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How do they work out the free entitlement?

(28 Posts)
solveproblem Thu 13-Jun-13 07:34:24

DS is at nursery full time, we will be getting the 15 free hours per week term time from September.

They have said that they split this out evenly over the year which makes it 11 hours per week.

We pay £957 per month at the moment, the nursery is open 11 hours per day, five days a week.

Will they deduct one fifth of the full amount or will they try to work it out undone way which is most favourable for them?

I know nobody can give me an answer but the nursery but would be good to know how other nurseries work this out.

HSMMaCM Thu 13-Jun-13 11:57:24

You should just pay for the hours which are not free,so ask the nursery how much they will cost.

ReetPetit Thu 13-Jun-13 16:45:17

they will just deduct 15 hours x 38 weeks a year - they won't try and do you over hmm

Ginismyfriend Thu 13-Jun-13 19:47:56

I just asked DD's nursery the same question and they've said that discount per week is based on:

Hourly rate x 15 (free hours) x 38 (funded weeks) divided by 51 (number of billing weeks).

This makes sense (I think?) although I don't really get how they've arrived at their hourly rate in our case. It's quite a lot less than the daily rate divided by the number of hours they're open, but I'm guessing this is for food or something...

HSMMaCM Thu 13-Jun-13 19:57:25

They might have used the hourly rate they are receiving for the hours, rather than the amount you pay. Government often pays less than normal rates.

HSMMaCM Thu 13-Jun-13 19:58:27

And they shouldn't be discounting, they should simply be charging you for the other hours, meals, etc.

HeartsTrumpDiamonds Thu 13-Jun-13 20:05:23

The hourly rate is worked out by the local council based on the funding they receive from central government, plus a few other adjustments such as a "flexibility" supplement and a hardship supplement.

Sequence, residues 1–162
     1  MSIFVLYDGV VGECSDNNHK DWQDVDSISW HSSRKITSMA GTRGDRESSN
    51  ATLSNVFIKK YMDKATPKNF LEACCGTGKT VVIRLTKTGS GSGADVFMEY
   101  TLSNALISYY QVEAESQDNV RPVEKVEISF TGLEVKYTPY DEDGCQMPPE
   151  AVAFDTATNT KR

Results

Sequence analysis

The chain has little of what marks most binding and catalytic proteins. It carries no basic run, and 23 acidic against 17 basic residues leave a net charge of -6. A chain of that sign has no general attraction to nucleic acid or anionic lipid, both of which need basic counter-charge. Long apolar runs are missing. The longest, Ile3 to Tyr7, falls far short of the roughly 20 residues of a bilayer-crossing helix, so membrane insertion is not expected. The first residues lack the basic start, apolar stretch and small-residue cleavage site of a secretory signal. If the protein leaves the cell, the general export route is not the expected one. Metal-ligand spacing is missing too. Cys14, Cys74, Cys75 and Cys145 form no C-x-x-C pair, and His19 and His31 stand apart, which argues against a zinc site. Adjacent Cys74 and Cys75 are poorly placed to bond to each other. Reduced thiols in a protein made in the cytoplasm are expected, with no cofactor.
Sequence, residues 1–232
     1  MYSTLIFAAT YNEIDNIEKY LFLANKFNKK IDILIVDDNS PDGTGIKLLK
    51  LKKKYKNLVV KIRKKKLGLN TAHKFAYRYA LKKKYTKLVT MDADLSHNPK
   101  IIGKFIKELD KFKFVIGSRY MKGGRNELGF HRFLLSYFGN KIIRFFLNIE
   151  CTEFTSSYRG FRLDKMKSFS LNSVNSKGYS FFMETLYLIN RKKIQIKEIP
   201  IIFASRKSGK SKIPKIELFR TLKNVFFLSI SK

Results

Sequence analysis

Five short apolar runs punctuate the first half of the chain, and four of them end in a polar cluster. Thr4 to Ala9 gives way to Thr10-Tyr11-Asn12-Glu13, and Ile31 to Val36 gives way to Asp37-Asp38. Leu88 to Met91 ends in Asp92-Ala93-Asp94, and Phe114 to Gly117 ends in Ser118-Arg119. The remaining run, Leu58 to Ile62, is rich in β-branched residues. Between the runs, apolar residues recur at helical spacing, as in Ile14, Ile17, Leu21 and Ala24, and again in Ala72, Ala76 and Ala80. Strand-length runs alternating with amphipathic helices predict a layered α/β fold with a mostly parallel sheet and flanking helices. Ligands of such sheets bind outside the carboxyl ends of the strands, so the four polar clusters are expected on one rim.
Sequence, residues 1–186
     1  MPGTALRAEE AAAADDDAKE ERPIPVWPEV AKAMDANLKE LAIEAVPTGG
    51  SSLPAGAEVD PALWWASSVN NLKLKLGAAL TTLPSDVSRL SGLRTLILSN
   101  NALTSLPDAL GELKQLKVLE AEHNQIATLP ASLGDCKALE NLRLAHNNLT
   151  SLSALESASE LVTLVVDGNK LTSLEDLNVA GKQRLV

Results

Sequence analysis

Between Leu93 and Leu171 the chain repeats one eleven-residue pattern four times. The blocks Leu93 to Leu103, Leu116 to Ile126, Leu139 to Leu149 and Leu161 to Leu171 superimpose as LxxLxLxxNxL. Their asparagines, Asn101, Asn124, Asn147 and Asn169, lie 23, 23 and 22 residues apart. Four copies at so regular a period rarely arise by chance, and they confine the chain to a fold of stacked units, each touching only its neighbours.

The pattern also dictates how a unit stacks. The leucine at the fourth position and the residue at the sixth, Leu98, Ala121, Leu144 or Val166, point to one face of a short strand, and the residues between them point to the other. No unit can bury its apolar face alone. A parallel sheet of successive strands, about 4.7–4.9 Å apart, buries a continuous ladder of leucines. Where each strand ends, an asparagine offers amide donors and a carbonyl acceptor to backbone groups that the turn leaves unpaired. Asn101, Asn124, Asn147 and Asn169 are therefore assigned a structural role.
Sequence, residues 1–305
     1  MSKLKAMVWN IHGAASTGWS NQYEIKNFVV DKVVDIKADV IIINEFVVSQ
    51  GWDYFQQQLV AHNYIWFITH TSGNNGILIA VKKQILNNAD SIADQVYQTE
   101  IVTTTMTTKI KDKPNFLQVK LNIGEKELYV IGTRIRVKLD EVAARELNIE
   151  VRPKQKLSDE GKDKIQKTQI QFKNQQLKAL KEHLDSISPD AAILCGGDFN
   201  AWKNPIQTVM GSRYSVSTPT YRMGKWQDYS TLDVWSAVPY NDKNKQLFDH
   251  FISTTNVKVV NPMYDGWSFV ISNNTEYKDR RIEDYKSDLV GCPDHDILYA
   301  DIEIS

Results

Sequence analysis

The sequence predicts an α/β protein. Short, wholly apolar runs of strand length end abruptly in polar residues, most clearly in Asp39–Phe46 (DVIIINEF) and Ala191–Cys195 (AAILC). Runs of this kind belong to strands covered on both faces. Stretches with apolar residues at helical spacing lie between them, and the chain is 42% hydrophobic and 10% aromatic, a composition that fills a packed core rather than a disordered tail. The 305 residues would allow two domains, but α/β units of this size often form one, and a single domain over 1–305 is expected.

My school gets something like £4.39 per child per hour for inner London, if that is of any use.

Nurseries are not allowed to charge top-up fees for the free 15 hours but there is nothing to stop them from charging market rates for the other 30 (or however many) hours your child is there. This ought to be set out clearly on their invoices.

solveproblem Thu 13-Jun-13 21:23:37

Thanks for all replies.

Sarahplane Thu 13-Jun-13 22:23:19

my dds nursery used to charge us the full fees each month and then give us a cheque back for what they got from the council. I think we got about £1500 a year back but that was about 3 years ago.

debduck Mon 17-Jun-13 20:54:41

sarahplane, they cant do that, not sure they ever could!

if you use the nursery for 20 hours, you should only be charged for 5 hours, but the above mentioned way of evening it out over 51 weeks is a better way of managing it for monthly paying parents.

Catiinthehat Tue 18-Jun-13 23:48:29

The information we received was that it works out at around £3 per hour it takes off the bill. As our nursery (which is a private one) charges more than that per hour, we end up paying a top up for the 15 hours a week we do. They work it out as termly bill minus (£3 x 15 hours per weeks x numbers of weeks in term)

This is out of London btw

HSMMaCM Wed 19-Jun-13 15:12:36

Catinthehat - as previously said ... They're not allowed to do that. The 15 hrs must be free and they cannot top up (although the government should not be trying to bankrupt us all by paying too little).

Mandy21 Fri 21-Jun-13 22:22:40

OP I have used 2 nurseries (2 different children and 2 different LAs actually) and both nurseries have done it in the way that Sarahplane describes - got my cheque for this term a couple of weeks ago. Both nurseries outstanding, hand on heart wonderful care and massive waiting lists.

insancerre Sat 22-Jun-13 12:05:43

where I work they deduct what they receive from the LEA from your bill
you are entitled to 570 free hours
each LEA has a different rate

solveproblem Sat 22-Jun-13 16:58:18

I thought they had to deduct what they charge for 15 hours and not what they get from gov for the 15 hours?